So what does he do? He kidnaps her, and agrees to have sex with her only if she helps him on his mission. Which is kind of like rape in reverse? Or something? It's disturbing, even if I can't put a name to it at the moment, which is a pretty adequate summation of the book actually.
I made it as far as page 150, and most of that was descriptions of Alara's nipples swelling with need, and bizarre alien anatomy "creaming with desire." I'm pretty sure the yonia is supposed to be the vagina, and the labella is the labia. Oh, and the Rystani word for penis is tavis, which means "root of man" apparently. It's also the root of me not wanting to read this book anymore.
As if this wtfuckery were not sufficient, there is also this weird subplot about two higher power beings trying to decide the fate of our universe. One wants to destroy us all because he thinks we're a bunch of hopeless morons (and if we're creaming from our yonias and talking about our rebellious nipples for 350 pages, maybe we are), and the other is like, "No! We must save them!"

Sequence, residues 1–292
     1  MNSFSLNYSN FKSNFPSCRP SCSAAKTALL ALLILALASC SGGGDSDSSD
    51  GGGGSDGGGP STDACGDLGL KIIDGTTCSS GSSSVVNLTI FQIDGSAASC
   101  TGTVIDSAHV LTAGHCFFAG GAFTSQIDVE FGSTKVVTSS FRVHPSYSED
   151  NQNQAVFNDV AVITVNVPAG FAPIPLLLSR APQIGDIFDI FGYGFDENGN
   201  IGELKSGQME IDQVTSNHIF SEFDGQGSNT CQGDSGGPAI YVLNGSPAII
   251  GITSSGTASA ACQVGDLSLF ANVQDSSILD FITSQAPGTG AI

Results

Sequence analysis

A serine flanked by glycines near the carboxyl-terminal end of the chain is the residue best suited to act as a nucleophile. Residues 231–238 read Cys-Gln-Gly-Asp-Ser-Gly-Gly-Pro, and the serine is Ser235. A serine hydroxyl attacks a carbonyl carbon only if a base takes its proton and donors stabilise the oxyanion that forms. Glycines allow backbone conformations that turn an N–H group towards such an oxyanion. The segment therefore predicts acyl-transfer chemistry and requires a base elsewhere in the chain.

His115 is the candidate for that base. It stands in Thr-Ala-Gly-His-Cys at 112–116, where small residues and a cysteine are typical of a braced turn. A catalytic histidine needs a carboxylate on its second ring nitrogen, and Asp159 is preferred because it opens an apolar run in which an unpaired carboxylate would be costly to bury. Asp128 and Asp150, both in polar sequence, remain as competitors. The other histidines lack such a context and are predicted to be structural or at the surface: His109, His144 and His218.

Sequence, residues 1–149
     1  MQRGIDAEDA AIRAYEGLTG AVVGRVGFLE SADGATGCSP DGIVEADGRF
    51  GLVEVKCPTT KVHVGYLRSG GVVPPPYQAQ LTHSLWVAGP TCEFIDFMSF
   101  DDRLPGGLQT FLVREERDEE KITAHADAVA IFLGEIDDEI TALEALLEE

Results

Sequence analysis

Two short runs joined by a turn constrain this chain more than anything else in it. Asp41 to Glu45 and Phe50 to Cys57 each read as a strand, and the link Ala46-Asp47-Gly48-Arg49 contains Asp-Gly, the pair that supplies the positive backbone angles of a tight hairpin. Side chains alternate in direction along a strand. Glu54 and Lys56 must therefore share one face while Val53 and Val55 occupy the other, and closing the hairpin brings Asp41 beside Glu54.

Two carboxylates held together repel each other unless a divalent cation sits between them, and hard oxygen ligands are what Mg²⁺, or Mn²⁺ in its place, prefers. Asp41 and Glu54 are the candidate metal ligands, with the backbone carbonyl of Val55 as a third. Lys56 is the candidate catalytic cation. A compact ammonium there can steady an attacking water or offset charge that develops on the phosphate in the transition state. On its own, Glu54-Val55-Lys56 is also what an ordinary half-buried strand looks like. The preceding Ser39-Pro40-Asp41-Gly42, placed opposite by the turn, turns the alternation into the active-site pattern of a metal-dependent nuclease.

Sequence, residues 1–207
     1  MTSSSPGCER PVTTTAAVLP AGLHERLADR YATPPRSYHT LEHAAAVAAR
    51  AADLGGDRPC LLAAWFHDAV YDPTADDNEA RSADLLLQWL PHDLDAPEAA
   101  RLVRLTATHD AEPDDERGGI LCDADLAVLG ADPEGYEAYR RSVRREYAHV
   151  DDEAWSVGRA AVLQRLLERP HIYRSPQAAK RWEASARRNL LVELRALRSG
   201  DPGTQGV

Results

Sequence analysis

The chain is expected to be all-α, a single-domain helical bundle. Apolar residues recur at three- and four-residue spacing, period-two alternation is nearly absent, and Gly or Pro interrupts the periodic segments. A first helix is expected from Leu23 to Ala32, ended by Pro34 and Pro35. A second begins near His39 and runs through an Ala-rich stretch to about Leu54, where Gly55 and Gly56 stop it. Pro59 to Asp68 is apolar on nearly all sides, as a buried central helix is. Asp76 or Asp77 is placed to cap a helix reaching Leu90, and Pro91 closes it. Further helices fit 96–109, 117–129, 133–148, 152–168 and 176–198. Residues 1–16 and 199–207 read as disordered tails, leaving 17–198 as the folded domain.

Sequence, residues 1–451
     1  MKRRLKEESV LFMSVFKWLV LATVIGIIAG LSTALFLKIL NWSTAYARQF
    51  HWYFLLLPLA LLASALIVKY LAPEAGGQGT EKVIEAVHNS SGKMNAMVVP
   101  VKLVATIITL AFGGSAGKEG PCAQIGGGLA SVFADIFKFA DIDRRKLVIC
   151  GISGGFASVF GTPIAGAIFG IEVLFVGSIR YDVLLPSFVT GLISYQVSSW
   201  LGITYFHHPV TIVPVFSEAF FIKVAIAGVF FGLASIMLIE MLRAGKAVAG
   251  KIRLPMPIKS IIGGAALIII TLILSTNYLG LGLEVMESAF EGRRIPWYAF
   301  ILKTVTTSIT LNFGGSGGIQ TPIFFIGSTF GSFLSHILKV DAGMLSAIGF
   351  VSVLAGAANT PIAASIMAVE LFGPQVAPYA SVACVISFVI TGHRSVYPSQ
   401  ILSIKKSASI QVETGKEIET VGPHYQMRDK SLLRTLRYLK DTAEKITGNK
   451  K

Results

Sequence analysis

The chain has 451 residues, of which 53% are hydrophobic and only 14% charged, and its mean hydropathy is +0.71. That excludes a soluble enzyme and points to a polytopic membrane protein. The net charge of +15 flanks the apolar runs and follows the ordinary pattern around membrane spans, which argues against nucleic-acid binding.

I am disappoint.
P.S. Xander has potions that can heighten orgasm, reduce sexual pleasure, and make his tavis a magical pleasure wand of rainbows and magic.
M/M fiction isn't really my thing, but I'm a firm believer in the idea that if a love sto...moreYou can read more reviews at my blog, The Armchair Librarian.
M/M fiction isn't really my thing, but I'm a firm believer in the idea that if a love story is good enough, and well-written, the sexuality of the characters it's about doesn't matter. Built 4 It is like that.
The title makes it sound like it's going to be unbelievably trashy, but I was impressed by how sophisticated the storyline was. Most erotica doesn't have a plot, especially a short novella like this (only 84 pages). Or, if it does, it's wafer-thin: a mere pretense for sex.